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'I fit in here' - Softball star Carlee Wallace
Carlee Wallace celebrates her walk-off grand slam against Mississippi State.
May 9, 2017

By Jeff Shearer

AUBURN, Ala. - Carlee Wallace knows it's unconventional, but she loves the sight of blood. Even when it's her own. Good thing, too, because the way Auburn's junior catcher plays softball, there's occasionally plenty of it on her uniform.

For her 21st birthday, Wallace asked for a suture kit for a present to replace the one she's been using, her grandfather's old Army kit.

"I've been practicing on fruit," she says.

Against Mississippi State on April 30, Wallace required seven stitches in her chin and lip after a collision. While Auburn's team physicians, Dr. Michael Goodlett and Dr. Siraj Abdullah treated her, Wallace asked a question.

"Hey, can I try?" Wallace inquired. "They said, `Do you want a scar?' I said, `Probably not.' They said, `Keep practicing.'

"I want them to explain everything to me. I want them to tell me what's going on. I want to see everything if I can. I'm a nerd about that stuff. I love anything that has to do with the human body. I'm just fascinated by it."

Majoring in exercise science, Wallace says she has been drawn to the medical field since she was 6.

"I have a love for medicine and the human body and helping others," she says.

If Wallace decides not to become a physician assistant, her other preference would be to follow her parents into law enforcement. Her mom was a sheriff. Her dad still is in San Diego.

"I feel like I have the type of personality to be a U.S. Marshal," she says. "And I love the fitness aspect of it. The good thing is, with my degree, I can go either way."

Carlee Clutch

<em> Carlee Wallace says her grand slam is her second biggest hit at Auburn, trailing only her game-winner in the 2015 SEC Tournament championship.</em>
Carlee Wallace says her grand slam is her second biggest hit at Auburn, trailing only her game-winner in the 2015 SEC Tournament championship.

For now, Wallace will stick to apprehending would-be base stealers. She's busted six potential thieves this season, earning a spot on the SEC All-Defensive team.

Wallace also made First Team All-SEC, leading the Tigers in several offensive categories, including hits and RBI. Thirteen times this season she's been involved in game-winning plays, either scoring or driving in the winner.

The night before Wallace wanted to self-stitch, she hit a walk-off grand slam, another chapter in the legend of Carlee Clutch.

"I've sat on my couch at home and watched other girls hit home runs," she says. "My parents got to be on TV, and to get the ball, so that was a really cool feeling."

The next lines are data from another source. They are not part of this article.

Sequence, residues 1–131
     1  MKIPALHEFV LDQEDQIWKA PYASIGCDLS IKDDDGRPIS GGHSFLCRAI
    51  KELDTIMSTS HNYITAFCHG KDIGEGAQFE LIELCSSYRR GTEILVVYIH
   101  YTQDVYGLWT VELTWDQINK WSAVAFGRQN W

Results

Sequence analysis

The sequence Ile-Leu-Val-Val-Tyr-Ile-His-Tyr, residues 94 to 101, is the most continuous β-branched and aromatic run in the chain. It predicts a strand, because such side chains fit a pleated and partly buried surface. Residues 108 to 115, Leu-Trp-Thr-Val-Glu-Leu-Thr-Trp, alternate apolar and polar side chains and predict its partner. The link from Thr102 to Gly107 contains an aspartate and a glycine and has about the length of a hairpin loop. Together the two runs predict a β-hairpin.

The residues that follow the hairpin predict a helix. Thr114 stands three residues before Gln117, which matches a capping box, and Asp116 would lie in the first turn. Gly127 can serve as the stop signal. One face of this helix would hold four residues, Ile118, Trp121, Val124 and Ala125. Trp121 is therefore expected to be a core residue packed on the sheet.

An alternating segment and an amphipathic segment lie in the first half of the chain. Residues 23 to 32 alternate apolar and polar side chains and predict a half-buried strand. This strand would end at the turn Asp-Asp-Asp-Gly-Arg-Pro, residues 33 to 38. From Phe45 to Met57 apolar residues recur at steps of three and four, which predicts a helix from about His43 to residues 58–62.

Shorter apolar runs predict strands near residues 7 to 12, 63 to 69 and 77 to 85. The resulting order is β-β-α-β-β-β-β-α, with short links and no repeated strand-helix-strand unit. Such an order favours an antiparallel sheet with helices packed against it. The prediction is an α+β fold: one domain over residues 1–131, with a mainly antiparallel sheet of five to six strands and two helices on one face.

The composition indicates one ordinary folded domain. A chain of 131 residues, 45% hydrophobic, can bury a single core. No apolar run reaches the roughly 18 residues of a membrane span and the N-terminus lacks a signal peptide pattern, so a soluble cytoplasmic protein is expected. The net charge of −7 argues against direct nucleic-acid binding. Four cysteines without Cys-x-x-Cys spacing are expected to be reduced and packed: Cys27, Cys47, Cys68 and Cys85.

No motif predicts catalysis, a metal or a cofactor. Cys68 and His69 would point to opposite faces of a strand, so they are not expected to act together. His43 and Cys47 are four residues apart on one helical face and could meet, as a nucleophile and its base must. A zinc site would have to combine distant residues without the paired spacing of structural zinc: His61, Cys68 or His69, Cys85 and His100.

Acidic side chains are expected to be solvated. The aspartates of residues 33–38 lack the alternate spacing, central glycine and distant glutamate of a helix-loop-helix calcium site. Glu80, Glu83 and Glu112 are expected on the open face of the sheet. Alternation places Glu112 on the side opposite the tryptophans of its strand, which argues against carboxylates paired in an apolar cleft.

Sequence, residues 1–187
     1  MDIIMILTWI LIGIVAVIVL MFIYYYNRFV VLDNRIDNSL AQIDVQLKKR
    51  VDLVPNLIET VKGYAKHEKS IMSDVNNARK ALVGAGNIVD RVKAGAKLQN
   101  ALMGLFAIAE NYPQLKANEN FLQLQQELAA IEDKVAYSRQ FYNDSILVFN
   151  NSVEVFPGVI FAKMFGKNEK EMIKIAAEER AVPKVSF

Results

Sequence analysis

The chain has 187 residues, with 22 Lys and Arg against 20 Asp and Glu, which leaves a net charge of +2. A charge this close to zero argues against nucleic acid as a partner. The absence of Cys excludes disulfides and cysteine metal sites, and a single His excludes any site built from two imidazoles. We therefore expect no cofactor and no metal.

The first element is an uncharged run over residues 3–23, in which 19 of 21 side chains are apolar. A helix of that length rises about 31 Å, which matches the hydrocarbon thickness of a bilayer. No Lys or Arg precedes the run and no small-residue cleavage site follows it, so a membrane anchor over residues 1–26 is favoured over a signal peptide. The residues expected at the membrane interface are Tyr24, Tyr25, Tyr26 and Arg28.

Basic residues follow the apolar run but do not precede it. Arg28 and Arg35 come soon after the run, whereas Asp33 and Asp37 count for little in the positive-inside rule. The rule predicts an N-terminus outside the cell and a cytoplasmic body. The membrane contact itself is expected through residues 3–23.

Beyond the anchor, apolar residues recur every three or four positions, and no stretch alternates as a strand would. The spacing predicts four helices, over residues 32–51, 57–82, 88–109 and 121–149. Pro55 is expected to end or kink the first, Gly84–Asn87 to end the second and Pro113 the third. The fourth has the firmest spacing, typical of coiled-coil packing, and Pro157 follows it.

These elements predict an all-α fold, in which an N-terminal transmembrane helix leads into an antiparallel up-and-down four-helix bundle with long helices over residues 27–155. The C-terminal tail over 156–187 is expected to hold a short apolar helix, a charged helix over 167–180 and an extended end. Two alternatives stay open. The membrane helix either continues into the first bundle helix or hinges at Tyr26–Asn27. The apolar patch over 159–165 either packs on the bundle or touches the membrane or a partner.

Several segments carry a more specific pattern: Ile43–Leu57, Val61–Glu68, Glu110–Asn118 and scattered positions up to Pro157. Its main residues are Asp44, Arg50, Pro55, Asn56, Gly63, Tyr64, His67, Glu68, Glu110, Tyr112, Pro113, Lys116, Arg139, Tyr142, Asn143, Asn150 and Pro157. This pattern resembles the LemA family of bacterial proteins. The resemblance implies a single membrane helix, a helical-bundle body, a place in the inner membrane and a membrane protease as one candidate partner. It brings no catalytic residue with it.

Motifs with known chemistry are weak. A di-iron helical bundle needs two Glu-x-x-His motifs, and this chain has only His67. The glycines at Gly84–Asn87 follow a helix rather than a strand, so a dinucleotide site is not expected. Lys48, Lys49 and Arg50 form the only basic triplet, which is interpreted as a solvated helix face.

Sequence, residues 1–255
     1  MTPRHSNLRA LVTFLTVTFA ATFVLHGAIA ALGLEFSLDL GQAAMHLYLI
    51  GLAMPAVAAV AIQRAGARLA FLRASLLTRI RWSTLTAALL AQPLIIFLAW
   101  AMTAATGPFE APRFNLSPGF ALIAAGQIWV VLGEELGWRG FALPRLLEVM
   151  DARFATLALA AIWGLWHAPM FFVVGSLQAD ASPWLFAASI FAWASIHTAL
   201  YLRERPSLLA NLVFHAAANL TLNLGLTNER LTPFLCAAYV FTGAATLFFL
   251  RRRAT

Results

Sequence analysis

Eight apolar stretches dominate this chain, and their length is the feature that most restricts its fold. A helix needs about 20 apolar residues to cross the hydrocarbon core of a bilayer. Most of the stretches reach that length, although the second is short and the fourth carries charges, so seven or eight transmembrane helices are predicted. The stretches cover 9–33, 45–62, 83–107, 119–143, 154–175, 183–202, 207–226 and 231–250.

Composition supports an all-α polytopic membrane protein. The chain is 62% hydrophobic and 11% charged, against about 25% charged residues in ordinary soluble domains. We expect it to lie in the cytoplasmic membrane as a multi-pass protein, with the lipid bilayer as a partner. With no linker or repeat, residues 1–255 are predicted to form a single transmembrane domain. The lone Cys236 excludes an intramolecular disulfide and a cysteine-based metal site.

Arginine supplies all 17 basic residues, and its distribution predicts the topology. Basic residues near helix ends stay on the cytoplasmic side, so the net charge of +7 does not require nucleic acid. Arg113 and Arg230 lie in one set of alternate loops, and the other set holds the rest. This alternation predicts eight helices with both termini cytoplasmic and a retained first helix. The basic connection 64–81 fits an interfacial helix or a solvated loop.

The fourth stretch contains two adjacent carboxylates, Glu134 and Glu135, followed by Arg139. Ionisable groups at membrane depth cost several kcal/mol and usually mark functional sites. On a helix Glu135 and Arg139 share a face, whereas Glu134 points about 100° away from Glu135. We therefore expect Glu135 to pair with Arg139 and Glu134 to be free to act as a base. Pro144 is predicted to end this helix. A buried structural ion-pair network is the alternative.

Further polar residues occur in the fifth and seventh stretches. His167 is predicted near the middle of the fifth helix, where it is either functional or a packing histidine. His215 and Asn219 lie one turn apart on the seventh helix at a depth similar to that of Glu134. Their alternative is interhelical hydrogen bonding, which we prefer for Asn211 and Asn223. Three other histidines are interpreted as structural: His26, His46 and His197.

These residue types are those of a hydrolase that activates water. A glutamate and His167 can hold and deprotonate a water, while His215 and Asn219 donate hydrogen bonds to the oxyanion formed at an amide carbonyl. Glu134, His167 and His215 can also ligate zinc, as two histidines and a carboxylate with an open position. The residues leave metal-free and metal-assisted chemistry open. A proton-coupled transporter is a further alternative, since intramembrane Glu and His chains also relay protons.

Wallace says the MSU slam ranks second only to one of her first clutch hits, a ninth-inning game-winner against Tennessee as a freshman in 2015 that gave Auburn its first SEC Tournament title.

"That was my first step in becoming who I am," she says. "That was the first time I tapped into my potential. I feel like I'm slowly but surely building, and I wish that college lasted more than four years, because I feel like every year I get better. That was the first time I really grew up on the field."

'I fit in here'

From her home in Southern California, Wallace traveled more than 2,000 miles to the Plains. Determined to compete in the Pac-12, she first committed to play for Clint Myers at Arizona State. When Myers left for Auburn in 2014, he reached out to Wallace.

"Coach called me one day and said, `Hey, I'm at Auburn,'" she remembers. "And I was like, `Where the heck is that?' He said, `It's in the South. It's in Alabama. Why don't you come visit? You can see what it's about.'

"When I came out here, I was here for half a day and only saw the softball facility. I said, `I'm sold.' He promised me, `We will win. You will be a part of something great.' I said, `Good enough for me.'

"After that, I explored. I got so lucky with the school, the fan base. The people are incredible. I fit in here a lot better than I fit in California in a lot of ways."

An only child, Wallace says it's very hard being so far away from her family -- she calls her mom "my best friend," and says of her dad, who serves as her hitting coach, "I am my father."

"It showed me that I'm a big girl and I can take care of myself," she says. "You're close to your family and that's great, but you also need to go out and explore and be okay on your own. I think this place has given me the best of both worlds."

One hour after a root canal -- another consequence of that collision nine days earlier - while most would be home resting while the anesthetic wears off and the swelling subsides, Wallace exits the dugout to practice for what she hopes will be an unprecedented third straight SEC Tournament championship.

She concludes a conversation with a visitor by clearing up what Wallace feels is a misconception.

"A lot people think that I'm kind of a brute and I'm really mean on the field," Wallace says. "But I'm actually really nice. You can ask the girls, I'm a big jokester off the field. In my spare time, I love to work out, go hard and be tough, but I also love to read. I'm a bookworm. I can spend all day in the library. People forget that part, that there's an intellectual, smart, sweet side. I'm not just this big brute on the field. Just so people know there's another side."

Jeff Shearer is a Senior Writer at Follow him on Twitter:



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